The Best Coast Albums Ranked

Bethany Cosentino and Bobb Bruno have been churning up 1950s and ’60s surf rock and poppy girl group music into lo-fi garage rock for just over a decade. All those terms and decades just mean there’s a nostalgic, always California-tinted pop rock that has defined Best Coast’s output since the duo joined forces in 2009. And with the release of their latest, ALWAYS TOMORROW, just a week ago, it was time for me to pay homage to Best Coast with this ranked (or discography ~~explored~~) list. It simply addresses their four studio albums, but left out of the equation are the still worthwhile EPs MAKE YOU MINE (2009), SOMETHING IN THE WAY (2010), and FADE AWAY (2013), as well as the pretty strange Amazon exclusive children’s music album BEST KIDS (2018), which I just felt like I couldn’t really include in the “Canon.”

Favorite track: “Boyfriend”

It’s interesting Best Coast is usually referred to as “lo-fi,” even today, because I think that only applies to their EPs leading up to, and including, CRAZY FOR YOU, their debut album. The production style fits Cosentino’s simple, straight forward lyrics about boys and weed and the simple, straight forward surf pop/rock riffs and drums. It elevated the EPs’ premise of stripped down, slightly updated odes to the sunny California sound with better songwriting hooks. “Boyfriend” is an example, I guess, of the bizarre criticism that Cosentino writes “anti-feminist” songs, but it’s also a great example of the catchy chops Best Coast could already deploy.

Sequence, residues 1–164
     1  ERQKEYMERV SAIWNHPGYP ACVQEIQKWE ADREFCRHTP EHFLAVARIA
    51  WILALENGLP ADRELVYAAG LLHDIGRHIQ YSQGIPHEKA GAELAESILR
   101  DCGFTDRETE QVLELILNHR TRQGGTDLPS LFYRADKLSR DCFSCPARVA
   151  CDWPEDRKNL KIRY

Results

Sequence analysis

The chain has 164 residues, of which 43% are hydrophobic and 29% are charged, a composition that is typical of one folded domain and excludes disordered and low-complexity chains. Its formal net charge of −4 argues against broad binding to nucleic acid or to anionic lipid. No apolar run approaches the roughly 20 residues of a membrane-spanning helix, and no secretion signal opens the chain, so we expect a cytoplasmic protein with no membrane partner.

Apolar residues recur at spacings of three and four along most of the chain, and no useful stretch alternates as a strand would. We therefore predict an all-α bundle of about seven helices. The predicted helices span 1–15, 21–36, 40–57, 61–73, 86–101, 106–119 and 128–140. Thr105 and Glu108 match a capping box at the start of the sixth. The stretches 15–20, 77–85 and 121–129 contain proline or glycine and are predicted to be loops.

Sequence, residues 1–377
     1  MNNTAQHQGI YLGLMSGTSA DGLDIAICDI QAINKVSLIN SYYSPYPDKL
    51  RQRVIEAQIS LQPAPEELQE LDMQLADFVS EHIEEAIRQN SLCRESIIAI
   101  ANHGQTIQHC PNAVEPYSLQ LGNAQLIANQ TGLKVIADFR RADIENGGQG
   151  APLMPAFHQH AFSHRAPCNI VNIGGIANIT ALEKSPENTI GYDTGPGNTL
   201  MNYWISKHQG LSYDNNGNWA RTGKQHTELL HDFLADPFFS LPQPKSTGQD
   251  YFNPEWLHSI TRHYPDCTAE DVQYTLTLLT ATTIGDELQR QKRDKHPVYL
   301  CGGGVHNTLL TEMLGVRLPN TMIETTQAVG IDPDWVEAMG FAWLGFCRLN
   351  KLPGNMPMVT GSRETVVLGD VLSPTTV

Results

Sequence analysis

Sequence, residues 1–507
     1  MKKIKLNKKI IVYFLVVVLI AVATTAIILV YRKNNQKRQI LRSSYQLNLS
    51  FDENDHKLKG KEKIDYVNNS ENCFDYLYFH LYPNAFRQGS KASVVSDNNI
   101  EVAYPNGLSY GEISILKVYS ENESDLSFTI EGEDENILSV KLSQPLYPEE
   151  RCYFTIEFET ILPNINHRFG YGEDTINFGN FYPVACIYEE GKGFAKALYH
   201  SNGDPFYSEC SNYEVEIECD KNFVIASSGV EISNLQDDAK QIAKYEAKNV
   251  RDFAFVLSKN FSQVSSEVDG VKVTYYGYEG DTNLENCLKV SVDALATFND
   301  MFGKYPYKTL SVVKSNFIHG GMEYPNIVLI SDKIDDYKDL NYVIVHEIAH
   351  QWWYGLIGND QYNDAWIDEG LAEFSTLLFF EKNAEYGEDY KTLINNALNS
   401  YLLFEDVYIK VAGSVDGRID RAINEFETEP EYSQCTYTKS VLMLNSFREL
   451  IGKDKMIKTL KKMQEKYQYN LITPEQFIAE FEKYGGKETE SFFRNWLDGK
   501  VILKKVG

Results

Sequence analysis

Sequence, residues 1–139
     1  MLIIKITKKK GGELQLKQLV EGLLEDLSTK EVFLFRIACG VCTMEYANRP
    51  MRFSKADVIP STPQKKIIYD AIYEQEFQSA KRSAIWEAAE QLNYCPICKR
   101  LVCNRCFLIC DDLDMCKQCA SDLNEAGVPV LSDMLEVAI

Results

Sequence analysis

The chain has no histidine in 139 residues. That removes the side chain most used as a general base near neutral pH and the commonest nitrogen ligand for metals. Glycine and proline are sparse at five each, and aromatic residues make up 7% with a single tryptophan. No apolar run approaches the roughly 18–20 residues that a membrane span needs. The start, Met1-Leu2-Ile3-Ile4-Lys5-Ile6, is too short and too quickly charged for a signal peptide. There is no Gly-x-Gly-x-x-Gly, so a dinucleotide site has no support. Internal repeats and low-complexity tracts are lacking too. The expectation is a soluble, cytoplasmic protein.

Favorite track: “Last Year”

Responding to the praise and criticism of their lo-fi sound, Best Coast turned to a glossier, poppier production style for their sophomore effort THE ONLY PLACE. Some kind of metaphoric sheen was not applied to Cosentino’s lyrics, however, a through line for every one of the band’s records. They’re not cheap, though, and in fact there’s kind of an intellectual honesty I always feel from Cosentino’s words and vocal delivery. It really matches Best Coast’s simply satisfying approach to pop rock, which isn’t to say there isn’t complexity to their sound; I think Bruno is a sorely underrated producer and musical mastermind. THE ONLY PLACE made that more clear.

Favorite track: “Everything Has Changed”

By ALWAYS TOMORROW, Best Coast had already demonstrated an ability to create cohesive, highly produced and atmospheric (in reference to California) records. But their latest, coming five full years from their last fully original studio album, is a self-reflective exercise that sees Cosentino exploring her own artistic process through her lyrics (still not venturing into navel-gazing, however) while upping the pop commitment. Nearly every one of the 11 songs on ALWAYS TOMORROW stands as an attempt to create a hit single, without any of the sacrificial artistic integrity or lack of cohesion. ALWAYS TOMORROW is perhaps an understandable step back into the California Days after the moody…

Favorite track: “Run Through My Head”

…CALIFORNIA NIGHTS. Best Coast’s third album was my first new one from the band, and it was a pleasant surprise. While THE ONLY PLACE was a streamlined production over CRAZY FOR YOU’s sensibilities, CALIFORNIA NIGHTS is somehow the duo’s most mature and angsty album. And they have a song called “Angsty” on THE ONLY PLACE! While ALWAYS TOMORROW may have more individual, stand out tracks (I may also need to examine what I thought was my anti-recency bias but may be in fact pro-recency bias), CALIFORNIA NIGHTS pulls ahead with just about the same number and lesser ones that still advance the record’s aural “palette,” as it were. There’s no need to call every album that has a clear commitment to a style or sound a concept album, but if Best Coast had one, it would be CALIFORNIA NIGHTS. Its darker tone doesn’t eradicate pop pleasure, however, and it stands as the deepest, almost literally, the band has gone with their production and songwriting tendencies.

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